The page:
An inevitable part of life is that we will all have a final chapter, but we don’t really like to talk about it until we have reached that chapter.
So how do we know when a person needs end of life care? Why is it a difficult subject for us to talk about? When we enter the world there is so much emphasis on being brought into the best environment possible, so why should it be any different when we leave? Over the course of Dying Matters Week, 8th-14th May, we are going to aim to answer all of these difficult questions in our series of blogs exploring End of Life care to give you the confidence and trust to help you make the right decisions and choose your best care.
What is End of Life Care?
End of life care is defined as health care for people who are in the final hours, days or months of their lives. The NHS considers people to be approaching the end of life when they are likely to die within the next 12 months, although this isn’t always possible to predict. More broadly it is the care of those with a terminal illness or terminal condition that has become advanced, progressive and incurable, often described as palliative care.
The aim of end of life care is to help a person to live as well as possible until they die, and to do so with dignity. However, it should also include supporting those who are most important to the person, whether this be their family, companion or friends.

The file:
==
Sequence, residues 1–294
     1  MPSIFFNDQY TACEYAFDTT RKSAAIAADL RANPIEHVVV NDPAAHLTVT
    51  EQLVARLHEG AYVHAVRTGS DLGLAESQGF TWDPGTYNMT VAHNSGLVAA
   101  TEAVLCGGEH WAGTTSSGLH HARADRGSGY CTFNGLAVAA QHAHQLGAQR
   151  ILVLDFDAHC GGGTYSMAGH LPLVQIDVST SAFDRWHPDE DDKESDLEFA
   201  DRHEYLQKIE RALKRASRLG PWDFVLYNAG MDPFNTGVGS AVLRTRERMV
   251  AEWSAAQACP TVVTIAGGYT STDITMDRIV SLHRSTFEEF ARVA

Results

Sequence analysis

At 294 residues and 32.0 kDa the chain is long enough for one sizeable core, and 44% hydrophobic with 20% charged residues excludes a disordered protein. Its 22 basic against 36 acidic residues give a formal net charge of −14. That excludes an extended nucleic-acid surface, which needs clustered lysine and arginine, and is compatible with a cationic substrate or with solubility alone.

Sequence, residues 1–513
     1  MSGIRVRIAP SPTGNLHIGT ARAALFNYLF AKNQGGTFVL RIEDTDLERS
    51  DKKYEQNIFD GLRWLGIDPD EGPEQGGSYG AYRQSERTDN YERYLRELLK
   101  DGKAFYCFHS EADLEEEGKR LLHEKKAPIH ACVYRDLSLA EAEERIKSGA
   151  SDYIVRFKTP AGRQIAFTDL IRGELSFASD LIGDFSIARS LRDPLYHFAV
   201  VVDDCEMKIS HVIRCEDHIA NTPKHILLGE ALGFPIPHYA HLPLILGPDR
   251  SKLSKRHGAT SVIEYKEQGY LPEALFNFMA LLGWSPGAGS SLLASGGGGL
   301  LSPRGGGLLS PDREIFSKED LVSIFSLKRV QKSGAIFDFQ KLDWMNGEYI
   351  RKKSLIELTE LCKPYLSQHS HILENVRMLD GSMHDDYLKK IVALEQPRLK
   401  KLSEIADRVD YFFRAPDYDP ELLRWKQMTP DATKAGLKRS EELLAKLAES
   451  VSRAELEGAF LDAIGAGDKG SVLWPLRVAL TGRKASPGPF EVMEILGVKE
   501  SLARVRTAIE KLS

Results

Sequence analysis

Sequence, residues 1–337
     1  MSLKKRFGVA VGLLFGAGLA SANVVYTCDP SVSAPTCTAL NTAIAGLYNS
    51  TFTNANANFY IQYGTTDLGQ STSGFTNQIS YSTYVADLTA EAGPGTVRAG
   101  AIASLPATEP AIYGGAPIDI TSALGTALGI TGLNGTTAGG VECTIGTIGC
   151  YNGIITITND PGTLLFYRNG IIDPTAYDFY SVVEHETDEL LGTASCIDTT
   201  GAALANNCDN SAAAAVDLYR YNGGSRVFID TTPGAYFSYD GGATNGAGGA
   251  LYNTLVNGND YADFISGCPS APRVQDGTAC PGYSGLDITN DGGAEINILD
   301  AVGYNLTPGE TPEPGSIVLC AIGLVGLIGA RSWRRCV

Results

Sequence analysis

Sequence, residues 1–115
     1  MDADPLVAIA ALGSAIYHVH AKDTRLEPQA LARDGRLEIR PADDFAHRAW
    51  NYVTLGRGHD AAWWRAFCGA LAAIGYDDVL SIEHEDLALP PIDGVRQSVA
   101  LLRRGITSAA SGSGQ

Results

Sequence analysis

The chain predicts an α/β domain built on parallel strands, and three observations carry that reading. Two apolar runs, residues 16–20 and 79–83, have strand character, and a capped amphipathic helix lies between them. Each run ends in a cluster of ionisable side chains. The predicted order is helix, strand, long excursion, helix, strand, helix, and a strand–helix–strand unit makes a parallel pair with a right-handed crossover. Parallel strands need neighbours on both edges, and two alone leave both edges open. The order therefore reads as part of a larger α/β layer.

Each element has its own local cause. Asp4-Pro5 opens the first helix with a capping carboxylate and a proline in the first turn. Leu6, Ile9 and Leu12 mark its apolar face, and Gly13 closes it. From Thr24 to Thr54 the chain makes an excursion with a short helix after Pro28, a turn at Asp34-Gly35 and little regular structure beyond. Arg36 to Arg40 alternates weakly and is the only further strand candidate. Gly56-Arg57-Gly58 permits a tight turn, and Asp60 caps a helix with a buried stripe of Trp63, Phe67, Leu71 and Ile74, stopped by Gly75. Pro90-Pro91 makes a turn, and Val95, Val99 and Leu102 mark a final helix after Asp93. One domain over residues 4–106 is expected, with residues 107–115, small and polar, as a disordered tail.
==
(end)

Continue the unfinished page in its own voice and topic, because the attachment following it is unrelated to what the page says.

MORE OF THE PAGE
Good end of life care is tailored to the person who needs it and at Morris Care we ensure that the whole person is cared for compassionately, kindly and aligned with their preferences in their final days. For example, if a resident would like their cat to sit on the bed near them, that’s fine. If they want to sit in the garden to see the flowers or listen to birdsong, then that’s fine too because caring for the smallest needs is just as important as the biggest needs.
We believe that caring for someone in the final days of their life is a great privilege. For some it is the most emotional and important time which is why we are committed to respecting dignity, controlling symptoms and working holistically with other professionals to provide holistic and high quality care.
The simple answer for us is that it shouldn’t be about whether somebody has days or hours left, they should be entitled to live the best they can, until the day they die.
For more information about end of life care services at Morris Care, click here.
If you’d like to speak to someone about end of life services at Morris Care, call us on 0345 515 0098.